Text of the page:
Dr. Max Gerson
Max Gerson, M.D. was born in Wongrowitz, Germany (1881). He attended the universities of Breslau, Wuerzburg, Berlin, and Freiburg. Suffering from severe migraines, Dr. Gerson focused his initial experimentation with diet on preventing his headaches. One of Dr. Gerson’s patients discovered in the course of his treatment, that the “migraine diet” had cured his skin tuberculosis. This discovery led Gerson to further study the diet, and he went on to successfully treat many tuberculosis patients. His work eventually came to the attention of famed thoracic surgeon, Ferdinand Sauerbruch, M.D.
Under Sauerbruch’s supervision, Dr. Gerson established a special skin tuberculosis treatment program at the Munich University Hospital. In a carefully monitored clinical trial, 446 out of 450 skin tuberculosis patients treated with the Gerson diet recovered completely. Dr. Sauerbruch and Dr. Gerson simultaneously published articles in a dozen of the world’s leading medical journals, establishing the Gerson treatment as the first cure for skin tuberculosis.
At this time, Dr. Gerson attracted the friendship of Nobel prize winner Albert Schweitzer, M.D., by curing Schweitzer’s wife of lung tuberculosis after all conventional treatments had failed. Gerson and Schweitzer remained friends for life, and maintained regular correspondence. Dr. Schweitzer followed Gerson’s progress as the dietary therapy was successfully applied to heart disease, kidney failure, and finally – cancer. Schweitzer’s own type II diabetes was cured by treatment with Gerson’s therapy.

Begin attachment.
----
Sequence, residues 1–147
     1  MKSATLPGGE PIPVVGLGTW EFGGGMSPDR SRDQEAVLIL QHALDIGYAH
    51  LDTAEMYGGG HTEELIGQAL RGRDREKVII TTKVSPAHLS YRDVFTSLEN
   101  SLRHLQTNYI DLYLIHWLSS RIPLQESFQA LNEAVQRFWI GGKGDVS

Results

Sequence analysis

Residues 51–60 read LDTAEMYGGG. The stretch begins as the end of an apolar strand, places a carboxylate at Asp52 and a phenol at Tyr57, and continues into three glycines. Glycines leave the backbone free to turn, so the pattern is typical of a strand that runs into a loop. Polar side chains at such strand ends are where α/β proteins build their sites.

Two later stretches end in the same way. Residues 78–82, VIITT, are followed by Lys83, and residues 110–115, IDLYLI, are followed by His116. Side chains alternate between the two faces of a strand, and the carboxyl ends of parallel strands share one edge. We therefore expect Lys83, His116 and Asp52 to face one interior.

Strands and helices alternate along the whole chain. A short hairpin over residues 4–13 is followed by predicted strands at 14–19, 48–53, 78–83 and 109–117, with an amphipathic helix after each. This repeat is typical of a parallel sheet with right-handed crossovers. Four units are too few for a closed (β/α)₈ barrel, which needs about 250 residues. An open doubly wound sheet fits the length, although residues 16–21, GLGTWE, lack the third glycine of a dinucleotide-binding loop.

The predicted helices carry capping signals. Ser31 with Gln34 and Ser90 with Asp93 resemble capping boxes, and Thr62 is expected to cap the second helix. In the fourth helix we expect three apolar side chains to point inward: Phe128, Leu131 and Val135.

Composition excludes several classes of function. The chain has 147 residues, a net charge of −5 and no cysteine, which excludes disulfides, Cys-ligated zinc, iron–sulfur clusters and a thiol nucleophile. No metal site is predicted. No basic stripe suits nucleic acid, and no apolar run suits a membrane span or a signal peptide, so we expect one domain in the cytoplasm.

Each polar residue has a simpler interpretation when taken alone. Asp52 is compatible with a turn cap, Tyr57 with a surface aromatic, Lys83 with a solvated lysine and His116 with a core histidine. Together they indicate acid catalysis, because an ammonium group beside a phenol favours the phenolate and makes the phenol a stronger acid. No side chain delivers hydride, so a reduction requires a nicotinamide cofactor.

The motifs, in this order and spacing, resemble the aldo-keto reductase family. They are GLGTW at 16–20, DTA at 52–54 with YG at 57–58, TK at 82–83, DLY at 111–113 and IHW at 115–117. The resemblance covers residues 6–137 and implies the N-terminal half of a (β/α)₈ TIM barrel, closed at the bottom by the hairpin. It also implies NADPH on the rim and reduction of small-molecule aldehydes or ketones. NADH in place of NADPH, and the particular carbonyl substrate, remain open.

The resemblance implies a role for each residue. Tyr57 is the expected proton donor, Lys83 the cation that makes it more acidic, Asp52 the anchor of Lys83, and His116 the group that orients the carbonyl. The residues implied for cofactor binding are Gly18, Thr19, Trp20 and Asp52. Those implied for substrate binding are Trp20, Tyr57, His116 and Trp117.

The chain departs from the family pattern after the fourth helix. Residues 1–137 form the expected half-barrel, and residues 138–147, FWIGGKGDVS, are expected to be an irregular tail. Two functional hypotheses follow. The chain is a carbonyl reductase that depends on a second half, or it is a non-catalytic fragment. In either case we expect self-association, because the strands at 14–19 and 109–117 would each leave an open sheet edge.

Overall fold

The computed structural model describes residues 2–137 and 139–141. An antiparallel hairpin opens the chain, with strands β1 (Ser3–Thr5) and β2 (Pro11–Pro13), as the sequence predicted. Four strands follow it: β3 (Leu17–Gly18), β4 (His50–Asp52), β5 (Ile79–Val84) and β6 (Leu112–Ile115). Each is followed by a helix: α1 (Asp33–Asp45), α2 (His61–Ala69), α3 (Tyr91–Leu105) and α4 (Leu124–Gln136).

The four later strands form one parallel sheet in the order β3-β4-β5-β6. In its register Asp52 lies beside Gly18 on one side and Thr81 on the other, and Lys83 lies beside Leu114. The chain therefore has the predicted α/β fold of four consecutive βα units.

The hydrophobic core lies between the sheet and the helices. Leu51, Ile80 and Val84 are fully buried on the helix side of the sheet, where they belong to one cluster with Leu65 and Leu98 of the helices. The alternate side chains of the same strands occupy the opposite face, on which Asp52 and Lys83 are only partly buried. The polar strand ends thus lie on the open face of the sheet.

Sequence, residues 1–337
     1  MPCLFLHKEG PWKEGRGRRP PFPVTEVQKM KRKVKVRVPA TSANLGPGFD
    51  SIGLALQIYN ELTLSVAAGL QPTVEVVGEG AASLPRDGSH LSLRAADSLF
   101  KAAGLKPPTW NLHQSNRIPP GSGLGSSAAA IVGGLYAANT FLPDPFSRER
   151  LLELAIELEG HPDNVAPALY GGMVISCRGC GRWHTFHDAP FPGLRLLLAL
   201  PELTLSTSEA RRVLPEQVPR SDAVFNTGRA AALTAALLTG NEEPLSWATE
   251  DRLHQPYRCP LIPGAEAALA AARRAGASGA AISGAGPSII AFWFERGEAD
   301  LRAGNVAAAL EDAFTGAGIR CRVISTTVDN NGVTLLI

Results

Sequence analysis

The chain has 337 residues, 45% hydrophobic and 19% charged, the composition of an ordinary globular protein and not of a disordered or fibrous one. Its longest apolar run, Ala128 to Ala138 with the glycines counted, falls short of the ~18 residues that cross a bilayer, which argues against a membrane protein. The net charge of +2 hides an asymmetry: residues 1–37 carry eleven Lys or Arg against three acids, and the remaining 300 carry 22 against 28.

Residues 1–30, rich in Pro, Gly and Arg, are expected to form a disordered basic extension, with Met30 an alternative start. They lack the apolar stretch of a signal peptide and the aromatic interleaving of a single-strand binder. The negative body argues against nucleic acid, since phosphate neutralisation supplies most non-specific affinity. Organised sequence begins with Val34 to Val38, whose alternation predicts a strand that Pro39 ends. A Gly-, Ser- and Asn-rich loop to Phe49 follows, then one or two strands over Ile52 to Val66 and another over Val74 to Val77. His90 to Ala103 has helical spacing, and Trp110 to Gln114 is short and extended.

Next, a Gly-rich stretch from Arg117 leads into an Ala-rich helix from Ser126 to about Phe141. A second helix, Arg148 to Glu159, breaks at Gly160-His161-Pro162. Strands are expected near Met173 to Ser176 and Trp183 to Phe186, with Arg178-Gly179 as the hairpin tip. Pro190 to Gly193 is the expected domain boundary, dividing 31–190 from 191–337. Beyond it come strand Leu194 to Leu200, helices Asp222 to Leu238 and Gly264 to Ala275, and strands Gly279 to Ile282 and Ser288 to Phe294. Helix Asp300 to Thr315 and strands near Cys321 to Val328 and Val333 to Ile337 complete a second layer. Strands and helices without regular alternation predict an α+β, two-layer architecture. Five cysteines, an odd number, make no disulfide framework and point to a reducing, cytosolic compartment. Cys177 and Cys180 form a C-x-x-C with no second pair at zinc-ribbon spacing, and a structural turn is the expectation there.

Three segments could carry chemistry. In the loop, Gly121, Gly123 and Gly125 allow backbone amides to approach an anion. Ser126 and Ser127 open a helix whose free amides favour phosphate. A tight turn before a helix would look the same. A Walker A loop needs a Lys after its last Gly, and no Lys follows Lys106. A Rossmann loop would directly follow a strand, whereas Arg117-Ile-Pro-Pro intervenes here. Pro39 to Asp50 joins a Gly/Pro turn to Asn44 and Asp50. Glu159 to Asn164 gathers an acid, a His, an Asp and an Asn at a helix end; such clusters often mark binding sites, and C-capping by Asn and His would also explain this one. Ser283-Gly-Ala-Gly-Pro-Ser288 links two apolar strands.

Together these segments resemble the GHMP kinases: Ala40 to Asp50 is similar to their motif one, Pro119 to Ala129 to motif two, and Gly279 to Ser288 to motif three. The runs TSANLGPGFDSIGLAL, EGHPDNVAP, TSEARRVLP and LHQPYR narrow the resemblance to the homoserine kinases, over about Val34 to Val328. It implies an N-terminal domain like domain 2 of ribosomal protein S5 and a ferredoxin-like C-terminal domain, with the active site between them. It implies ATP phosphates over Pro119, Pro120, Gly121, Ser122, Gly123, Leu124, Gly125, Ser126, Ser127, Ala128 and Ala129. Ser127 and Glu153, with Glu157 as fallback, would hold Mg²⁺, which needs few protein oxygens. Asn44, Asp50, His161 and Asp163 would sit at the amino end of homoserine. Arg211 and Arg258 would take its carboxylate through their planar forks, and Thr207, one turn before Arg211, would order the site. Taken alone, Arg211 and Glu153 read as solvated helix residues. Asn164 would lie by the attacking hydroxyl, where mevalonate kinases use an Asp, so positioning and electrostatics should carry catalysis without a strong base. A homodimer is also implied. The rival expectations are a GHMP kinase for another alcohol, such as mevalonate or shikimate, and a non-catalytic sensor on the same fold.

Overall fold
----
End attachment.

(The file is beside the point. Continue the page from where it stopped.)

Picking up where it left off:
In 1938, Dr. Gerson passed his boards and was licensed to practice in the state of New York. For twenty years, he treated hundreds of cancer patients who had been given up to die after all conventional treatments had failed.
In 1946, Gerson demonstrated recovered patients before the Pepper-Neely Congressional Subcommittee, during hearings on a bill to fund research into cancer treatment. Although only a few peer-reviewed journals were receptive to Gerson’s then “radical” idea that diet could affect health, he continued to publish articles on his therapy and case histories of healed patients.
In 1958, after thirty years of clinical experimentation, Gerson published A Cancer Therapy: Results of 50 Cases. This medical monograph details the theories, treatment, and results achieved by a great physician. Gerson died in 1959, eulogized by long-time friend, Albert Schweitzer M.D.:
“…I see in him one of the most eminent geniuses in the history of medicine. Many of his basic ideas have been adopted without having his name connected with them. Yet, he has achieved more than seemed possible under adverse conditions. He leaves a legacy which commands attention and which will assure him his due place. Those whom he has cured will now attest to the truth of his ideas.”
You can read the full story of Dr. Max Gerson’s life and the development of the Gerson Therapy in his biography, Dr. Max Gerson: Healing the Hopeless, written by his grandson, Howard Straus. Dr. Max Gerson: Healing the Hopeless discusses the development of his world-famous dietary therapy and the struggles this medical pioneer faced as he challenged orthodox medicine with his nutritional protocol. This inspiring and uplifting biography follows Dr. Gerson through Nazi persecution, then persecution in the United States from the medical establishment, the continuation of his work despite the opposition, his questionable death, his daughter Charlotte’s work, and finally the present, where the Gerson Institute works to continue his legacy and vision.